ANN ARBOR, Mich.—Think “mass extinction” and you probably envision dinosaurs dropping dead in the long-ago past or exotic tropical creatures being wiped out when their rainforest habitats are decimated. But a major mass extinction took place right here in North America in the first half of the 20th century, when 47 species of mollusk disappeared after the watershed in which they lived was dammed.
Now, a population of one of those species—a freshwater limpet last seen more than 60 years ago and presumed extinct—has been found in a tributary of the heavily dammed Coosa River in Alabama’s Mobile River Basin. Researchers from the University of Michigan, the Alabama Aquatic Biodiversity Center and the Kentucky State Nature Preserves Commission reported the rediscovery May 31 in the online, open-access journal PLoS One.
The story of Rhodacmea filosa’s disappearance and reappearance is both a conservation success story and a cautionary tale for other parts of the world where rivers are being dammed, said Diarmaid Ó Foighil, professor of ecology and evolutionary biology and a curator at the U-M Museum of Zoology. It’s also an example of how museum specimens collected generations ago can inform scientists of today.
Limpets are snails with shells shaped like caps rather than coils. They make their homes in the riffles and shoals of fast-flowing rivers and streams, where they graze on microscopic algae. When rivers are dammed, shoals and riffles are replaced with reservoirs, and the swiftly-moving water the limpets require is stilled.
The Mobile River Basin, a “global hotspot of temperate freshwater biodiversity,” was extensively industrialized throughout the 20th century, and 36 major dams and locks were built. At the time, few thought much about preserving biodiversity. The prevailing attitude was, “What’s not to like about getting electricity from a natural source—especially in impoverished, rural areas—and using that to drive industrialization?” Ó Foighil said. “The dams were seen as signs of progress.”
But progress came at the expense of mollusks that were found only in that area and nowhere else in the world.
“Their habitat was destroyed in huge chunks,” Ó Foighil said. The result: 47 of 139 endemic mollusk species were lost, representing a full one-third of all known freshwater mollusk extinctions worldwide.
Then, about 20 years ago, thanks to increased interest in and funding for conservation projects, biologists began searching patches of the drainage that weren’t affected by damming, trying to find remnants of the original, rich fauna and save whatever still could be saved. At the Alabama Aquatic Biodiversity Center (AABC), a former catfish experimental research station has been converted into a captive breeding facility, with the aim of breeding survivors of the mass extinction and reintroducing them into unaffected parts of the watershed.
It was through those efforts that AABC director Paul Johnson discovered the surviving population of what he thought might be Rhodacmea filosa. But how does one definitively identify a species that hasn’t been seen in decades? There are no other living members of the group with which to compare specimens.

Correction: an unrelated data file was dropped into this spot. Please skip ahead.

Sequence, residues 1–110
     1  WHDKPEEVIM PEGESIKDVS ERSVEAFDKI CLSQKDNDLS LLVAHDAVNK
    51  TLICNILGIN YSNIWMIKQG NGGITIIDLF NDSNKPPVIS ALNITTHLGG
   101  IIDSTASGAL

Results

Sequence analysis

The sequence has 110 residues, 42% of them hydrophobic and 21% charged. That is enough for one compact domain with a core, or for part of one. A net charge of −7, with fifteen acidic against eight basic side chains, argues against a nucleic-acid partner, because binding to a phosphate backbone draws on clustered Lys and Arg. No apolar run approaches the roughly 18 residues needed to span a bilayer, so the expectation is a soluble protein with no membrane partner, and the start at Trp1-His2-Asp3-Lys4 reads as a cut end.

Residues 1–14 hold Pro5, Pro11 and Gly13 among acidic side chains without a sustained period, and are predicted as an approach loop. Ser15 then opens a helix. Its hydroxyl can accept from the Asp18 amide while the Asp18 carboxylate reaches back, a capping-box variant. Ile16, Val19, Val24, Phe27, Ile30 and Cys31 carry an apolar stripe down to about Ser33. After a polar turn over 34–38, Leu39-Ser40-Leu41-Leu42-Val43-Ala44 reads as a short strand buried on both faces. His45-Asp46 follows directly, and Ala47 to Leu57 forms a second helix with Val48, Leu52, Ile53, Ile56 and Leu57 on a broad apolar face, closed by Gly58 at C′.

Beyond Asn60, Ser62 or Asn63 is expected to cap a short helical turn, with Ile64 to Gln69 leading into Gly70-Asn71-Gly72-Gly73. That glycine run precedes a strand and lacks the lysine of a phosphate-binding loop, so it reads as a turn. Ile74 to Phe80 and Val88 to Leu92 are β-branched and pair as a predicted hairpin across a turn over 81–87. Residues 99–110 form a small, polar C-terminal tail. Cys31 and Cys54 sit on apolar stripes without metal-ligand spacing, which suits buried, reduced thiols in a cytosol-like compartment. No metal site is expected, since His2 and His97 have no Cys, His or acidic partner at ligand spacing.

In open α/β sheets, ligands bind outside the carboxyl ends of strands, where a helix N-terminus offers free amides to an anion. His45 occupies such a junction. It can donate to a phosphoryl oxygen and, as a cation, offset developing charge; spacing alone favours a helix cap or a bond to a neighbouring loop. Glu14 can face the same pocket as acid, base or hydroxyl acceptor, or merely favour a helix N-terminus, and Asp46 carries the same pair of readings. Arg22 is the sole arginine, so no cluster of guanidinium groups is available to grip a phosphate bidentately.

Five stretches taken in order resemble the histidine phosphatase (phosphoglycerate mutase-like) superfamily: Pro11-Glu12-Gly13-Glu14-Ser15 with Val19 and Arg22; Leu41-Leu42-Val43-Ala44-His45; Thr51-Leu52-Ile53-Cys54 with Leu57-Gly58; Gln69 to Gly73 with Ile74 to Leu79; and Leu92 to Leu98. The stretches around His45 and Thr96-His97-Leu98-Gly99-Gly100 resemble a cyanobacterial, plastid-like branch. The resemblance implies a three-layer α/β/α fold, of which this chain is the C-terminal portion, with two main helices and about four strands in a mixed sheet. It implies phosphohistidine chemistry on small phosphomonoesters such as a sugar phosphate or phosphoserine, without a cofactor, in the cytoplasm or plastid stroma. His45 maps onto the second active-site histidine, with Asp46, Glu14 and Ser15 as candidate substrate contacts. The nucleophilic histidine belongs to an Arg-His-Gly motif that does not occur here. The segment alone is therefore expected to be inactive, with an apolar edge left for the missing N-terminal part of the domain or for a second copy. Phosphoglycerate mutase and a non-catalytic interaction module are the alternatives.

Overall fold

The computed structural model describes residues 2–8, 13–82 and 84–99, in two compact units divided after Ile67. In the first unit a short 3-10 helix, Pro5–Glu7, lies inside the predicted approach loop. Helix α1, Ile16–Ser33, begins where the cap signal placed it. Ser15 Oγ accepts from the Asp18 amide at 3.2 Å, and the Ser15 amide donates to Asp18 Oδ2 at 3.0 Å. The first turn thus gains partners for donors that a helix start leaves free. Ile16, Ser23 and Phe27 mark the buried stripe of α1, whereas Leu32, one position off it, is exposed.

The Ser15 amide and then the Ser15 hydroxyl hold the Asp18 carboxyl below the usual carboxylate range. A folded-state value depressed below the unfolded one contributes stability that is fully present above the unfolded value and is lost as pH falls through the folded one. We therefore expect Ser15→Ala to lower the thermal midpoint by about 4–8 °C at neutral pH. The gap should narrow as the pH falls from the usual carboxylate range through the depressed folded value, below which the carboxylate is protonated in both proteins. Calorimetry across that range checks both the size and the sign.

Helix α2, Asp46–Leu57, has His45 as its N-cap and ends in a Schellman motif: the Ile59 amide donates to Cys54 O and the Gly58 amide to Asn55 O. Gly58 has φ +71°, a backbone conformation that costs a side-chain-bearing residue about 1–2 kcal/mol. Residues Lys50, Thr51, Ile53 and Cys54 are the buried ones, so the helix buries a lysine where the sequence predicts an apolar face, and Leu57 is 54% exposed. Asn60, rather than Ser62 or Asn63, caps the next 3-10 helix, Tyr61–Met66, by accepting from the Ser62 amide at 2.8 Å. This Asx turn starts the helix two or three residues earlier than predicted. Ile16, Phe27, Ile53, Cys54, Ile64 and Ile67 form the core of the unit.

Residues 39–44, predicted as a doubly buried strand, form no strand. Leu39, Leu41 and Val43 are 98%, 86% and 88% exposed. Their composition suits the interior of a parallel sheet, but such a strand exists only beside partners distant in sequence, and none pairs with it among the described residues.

That’s where the U-M Museum of Zoology collection comes in. It just so happens that 100 years ago, biologists collected multitudes of mollusks from the Mobile River Basin—never envisioning the habitat destruction and resulting extinctions that were to come—and those specimens ended up in the U-M collection. Coincidentally, the mollusk portion of that collection was largely established by Bryant Walker, an early authority on—you guessed it—the limpet genus Rhodacmea. Furthermore, the last person to study Rhodacmea was a U-M graduate student, some 50 years ago.
Using century-old reference specimens, Ó Foighil, professor emeritus John Burch, graduate student Jingchun Li and collection coordinator Taehwan Lee were able to confirm the identity in addition to performing detailed morphometric and DNA analyses.
“This is very good news,” Ó Foighil said. “With conservation biology, usually it’s all gloom and doom, but this is one of those rare events where we have something positive to say.”
But just because survivors have been found, does that mean the species can continue to survive?
“I think they can, because of two things,” Ó Foighil said. “We have a persistent population in this little tributary, but we also now have in place the infrastructure for their captive breeding and reintroduction to other tributaries.”
This snail tale might well serve as an object lesson, Ó Foighil said. “The industrialization of freshwater watersheds that happened across the U.S. in the last century is now happening all over the world. For instance, right now one of the most egregious examples is the ongoing damming of the Mekong, and there are likely thousands of endemic species there. Even though we’re now more aware of this—of the negative downsides—when it comes to issues of economic development, freshwater biodiversity almost always loses.”
In addition to Ó Foighil, Li, Lee, Johnson and Burch, the paper’s authors include Ryan Evans of the Kentucky State Nature Preserves Commission. Funding was provided by the State Wildlife Grant Program, the U.S. Fish and Wildlife Service and the National Science Foundation.
*Source: University of Michigan.